To compare these gendered notions of deviance, I will look at two inspection reports from 1962 about so-called collection and distribution points (priemniki), one for boys in Leningrad and one for girls in Pushkin. Minors would be brought to these places by the police, and wait there to be transferred to an institution. The Leningrad priemnik mostly held boys waiting to be sent to a reform colony. These boys were accused of theft, hooliganism, drunkenness, and ‘refusing to study or work.’ The report also mentions particularly bad previous cases, such as stealing state property, breaking into apartments, organizing gangs, escaping from a colony, and rape.[3]

In contrast, the report about the 11 girls waiting in the Pushkin priemnik for their place in a colony shows most interest in their sexual behaviour, which is vividly described. The girls would either roam around at night or had left home to stay with some guy. The men in question are named as shady people, foreigners (in one case Swedish tourists), soldiers, delinquent people, ‘unknown’ men, people from the Jazz scene – covering every possible stereotype of a bad match for ‘good Soviet girls.’ According to the report, most of the girls were either skipping school, misbehaving or drinking and smoking. Five of them lived in a boarding school, two were students, four had dropped out or were between jobs. Their families (often single parents) are mostly described as drinkers, as leading ‘an amoral lifestyle,’ or as mentally ill.

The report emphasizes cases in which girls exerted a bad influence on their environment, either literally by catching (and potentially spreading) venereal diseases – two of them had been hospitalized for gonorrhoea – or more metaphorically by ‘having amoral conversations in her boarding school’s dorm,’ and ‘tainting’ the other girls at her school. Another common feature is the failure of other agencies to influence or re-educate them, be it schools, factory ‘collectives’, the Komsomol, the police or house committees.

Only one of the girls committed an actual crime; aside from all of her deviant acts, she committed a rather grim act of cruelty against animals.[4] Although the boys and

388px-Young_Women_1964_Moscow
Young women walking through Revolution Square, Moscow, 1964 (image courtesy of CREEES, UVA, via Wikimedia Commons)

girls found themselves in similar institutions and came from similar social(ly destitute) backgrounds, they are convicted for very different offenses and could hardly have been described more differently.

Another such case demonstrating the gendered notions of deviance is the conviction of a 14-year-old girl to a reform colony for leading an ‘amoral life style’, which included running away from school and petty theft. The Latvian prosecution chose to protest against this conviction, as the story behind it is rather tragic, and the girl was not known for misbehaving. A 20-year-old man had (illegally!) started a relationship with this girl and was terrorizing her emotionally. When her schoolmaster found out that the girl was sexually active, he persuaded her mother to send her to a boarding school. The man continued pursuing the girl and threatened to break up with her if she did not come to see him at once.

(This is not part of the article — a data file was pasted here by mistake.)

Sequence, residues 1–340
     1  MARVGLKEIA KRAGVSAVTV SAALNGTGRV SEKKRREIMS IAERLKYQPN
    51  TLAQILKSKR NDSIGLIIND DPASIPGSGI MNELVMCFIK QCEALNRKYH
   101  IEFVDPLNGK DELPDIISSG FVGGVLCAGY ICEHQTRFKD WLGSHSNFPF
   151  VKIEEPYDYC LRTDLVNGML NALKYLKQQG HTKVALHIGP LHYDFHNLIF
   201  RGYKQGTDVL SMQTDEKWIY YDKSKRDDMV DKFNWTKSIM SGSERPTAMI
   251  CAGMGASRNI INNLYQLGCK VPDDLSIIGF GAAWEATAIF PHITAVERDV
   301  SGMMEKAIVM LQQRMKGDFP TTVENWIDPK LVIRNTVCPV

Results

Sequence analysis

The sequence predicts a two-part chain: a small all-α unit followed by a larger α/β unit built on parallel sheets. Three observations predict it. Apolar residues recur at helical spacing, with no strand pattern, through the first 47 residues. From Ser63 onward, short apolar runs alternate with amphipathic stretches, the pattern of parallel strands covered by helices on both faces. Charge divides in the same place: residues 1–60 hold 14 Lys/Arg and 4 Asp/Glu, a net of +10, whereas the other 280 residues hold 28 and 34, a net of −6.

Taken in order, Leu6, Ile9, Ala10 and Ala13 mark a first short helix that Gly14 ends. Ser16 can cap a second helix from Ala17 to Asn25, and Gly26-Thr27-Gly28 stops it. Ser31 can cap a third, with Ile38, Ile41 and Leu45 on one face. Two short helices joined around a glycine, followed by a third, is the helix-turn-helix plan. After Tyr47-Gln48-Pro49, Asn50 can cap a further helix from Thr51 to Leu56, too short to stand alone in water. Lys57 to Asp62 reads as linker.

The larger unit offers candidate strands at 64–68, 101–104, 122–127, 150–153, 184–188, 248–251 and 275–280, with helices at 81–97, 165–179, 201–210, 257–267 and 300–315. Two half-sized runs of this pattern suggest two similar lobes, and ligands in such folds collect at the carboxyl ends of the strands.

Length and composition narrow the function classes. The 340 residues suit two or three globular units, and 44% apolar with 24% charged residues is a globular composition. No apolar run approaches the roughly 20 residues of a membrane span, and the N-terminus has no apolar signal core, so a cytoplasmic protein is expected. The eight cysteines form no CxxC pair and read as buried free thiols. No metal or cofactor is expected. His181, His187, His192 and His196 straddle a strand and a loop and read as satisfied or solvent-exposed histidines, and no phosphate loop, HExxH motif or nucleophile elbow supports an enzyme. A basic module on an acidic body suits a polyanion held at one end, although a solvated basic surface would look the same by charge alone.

Scared, she ran away from school, stole some clothes to wear, and went to meet him. She was picked up by the militsiia (police) and brought back to school, where the headmaster chose to put her in ‘quarantine’ for three weeks and then had her sent to a colony, bullying her mother into agreeing to this. At the time of the prosecution’s protest, the girl was stuck in a priemnik, awaiting transfer. The prosecutor demanded for her to be sent back, and for the security forces to charge the guy who had abused and pressured her instead, as seemingly no one had thought of this before. The commission in charge followed that recommendation, although this came quite late for the girl: the trail of documents suggests that between the decision to send her to a colony and its reversal a whole year had passed.[5]

The tendency to blame girls for having sex even goes as far as influencing the outcome of rape trials. In the 1960s in Latvia, a rapist was charged but not arrested, because the victim had been a ‘promiscuous’ girl – which is a gross, but sadly familiar, trivialisation of rape.[6] In a discussion about juvenile crime among senior Latvian education, health, and juvenile justice officials, a law scholar considers rape a serious problem amongst minors. He inexplicably links it to the phenomenon of uneducated single mothers, somehow implying that it is the father’s job in a family to tell his sons not to rape anyone, or that such basic moral ground rules require a certain level of schooling. To explain the status of rape among such youngsters, the scholar evokes the case of three boys being tried for raping a 26-year-old. Towards the end of the trial, one of the accused admitted that he actually did not take part in the crime, but asked the court ‘not to tell anyone because it would embarrass him in front of his friends.’[7]